The specific 16S rRNA gene V region primers used by studies in this area (shown in Table 1) are a potential cause of incongruence as certain 16S rRNA gene V regions have been shown to over- or underrepresent certain taxa (41, 42). In addition to the choice of 16S rRNA gene V region primers, DNA extraction methods and operational taxonomic unit classification have also been identified as potential sources of variation in microbiome studies (43). Adoption of standardized methodology in these areas would greatly facilitate comparisons across studies.

While NGS provides a useful tool in bacterial quantification, it only quantifies bacterial the 16S rRNA gene, it does not represent viability. As pointed out in the recent review by Perez-Muñoz et al., this is a significant limitation in the field (32). While bacteria have been cultured from the uterus in numerous studies since the 1950s and in the recent report by Chen et al. there is still a question as to whether these bacteria quantified by NGS represent viable bacteria.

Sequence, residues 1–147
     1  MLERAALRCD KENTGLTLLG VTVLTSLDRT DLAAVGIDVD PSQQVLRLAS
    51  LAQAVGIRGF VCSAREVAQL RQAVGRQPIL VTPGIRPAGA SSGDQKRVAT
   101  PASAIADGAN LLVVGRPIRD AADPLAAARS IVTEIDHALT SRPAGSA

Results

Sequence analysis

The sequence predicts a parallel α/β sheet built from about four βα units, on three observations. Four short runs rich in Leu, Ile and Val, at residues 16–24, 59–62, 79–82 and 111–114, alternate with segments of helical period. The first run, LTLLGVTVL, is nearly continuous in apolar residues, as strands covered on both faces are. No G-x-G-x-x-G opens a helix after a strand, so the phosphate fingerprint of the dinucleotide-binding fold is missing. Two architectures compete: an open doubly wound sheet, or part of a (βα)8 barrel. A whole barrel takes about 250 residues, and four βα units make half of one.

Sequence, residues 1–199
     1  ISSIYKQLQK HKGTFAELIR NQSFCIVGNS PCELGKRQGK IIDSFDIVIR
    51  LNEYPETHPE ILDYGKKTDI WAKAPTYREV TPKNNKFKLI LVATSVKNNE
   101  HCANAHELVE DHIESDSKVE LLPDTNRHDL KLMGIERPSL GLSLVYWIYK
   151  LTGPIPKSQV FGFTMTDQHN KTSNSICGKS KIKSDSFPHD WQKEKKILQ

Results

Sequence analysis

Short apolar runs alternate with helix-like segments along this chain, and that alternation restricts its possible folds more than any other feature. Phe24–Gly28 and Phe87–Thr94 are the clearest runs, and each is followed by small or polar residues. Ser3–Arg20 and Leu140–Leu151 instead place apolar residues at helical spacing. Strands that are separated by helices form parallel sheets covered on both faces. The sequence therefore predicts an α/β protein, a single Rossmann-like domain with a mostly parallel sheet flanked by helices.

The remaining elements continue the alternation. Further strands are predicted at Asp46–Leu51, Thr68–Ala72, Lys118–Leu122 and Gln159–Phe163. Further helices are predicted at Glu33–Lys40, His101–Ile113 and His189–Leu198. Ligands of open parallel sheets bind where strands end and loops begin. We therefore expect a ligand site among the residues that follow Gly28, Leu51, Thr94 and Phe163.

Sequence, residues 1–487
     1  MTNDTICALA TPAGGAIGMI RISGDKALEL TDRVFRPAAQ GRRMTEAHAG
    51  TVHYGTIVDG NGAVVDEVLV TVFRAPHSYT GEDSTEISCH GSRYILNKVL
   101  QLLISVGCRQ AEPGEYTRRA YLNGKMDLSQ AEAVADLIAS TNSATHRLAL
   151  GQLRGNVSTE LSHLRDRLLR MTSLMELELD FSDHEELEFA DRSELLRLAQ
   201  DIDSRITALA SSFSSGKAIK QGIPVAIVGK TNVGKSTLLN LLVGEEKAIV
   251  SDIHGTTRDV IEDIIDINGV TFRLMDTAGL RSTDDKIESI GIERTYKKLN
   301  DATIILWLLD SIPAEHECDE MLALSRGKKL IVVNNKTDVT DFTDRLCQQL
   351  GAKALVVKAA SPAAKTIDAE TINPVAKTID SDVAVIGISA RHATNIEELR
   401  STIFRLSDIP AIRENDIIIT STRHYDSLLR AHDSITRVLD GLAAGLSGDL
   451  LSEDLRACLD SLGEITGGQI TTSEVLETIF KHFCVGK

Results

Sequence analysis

The ability for germ-free mice to be generated provides some evidence against a resident uterine microbiome as the process involves the removal of the pregnant uterus from conventional mice, placing in a germicidal bath and then transferring them to a germ-free mother. However, low abundance uterine microbiota may be removed as a result of the germicidal bath. While not the focus of this review, the bacterial seeding of the uterus has important ramifications related to the highly debated topic of maternal–fetal transfer of microbiota and postnatal health (32, 44). The presence or absence of a placental microbiome remains a controversial topic as it relates to maternal–fetal transfer of the microbiome and is beyond the scope of this review (21, 45). Currently, the data available suggest that maternal gut microbiota impacts fetal health outcomes (46). Whether this is through interaction of bacteria and the placenta/amniotic fluid/meconium directly, or whether the interaction is through microbial products or metabolites, remains to be fully elucidated and may not be mutually exclusive.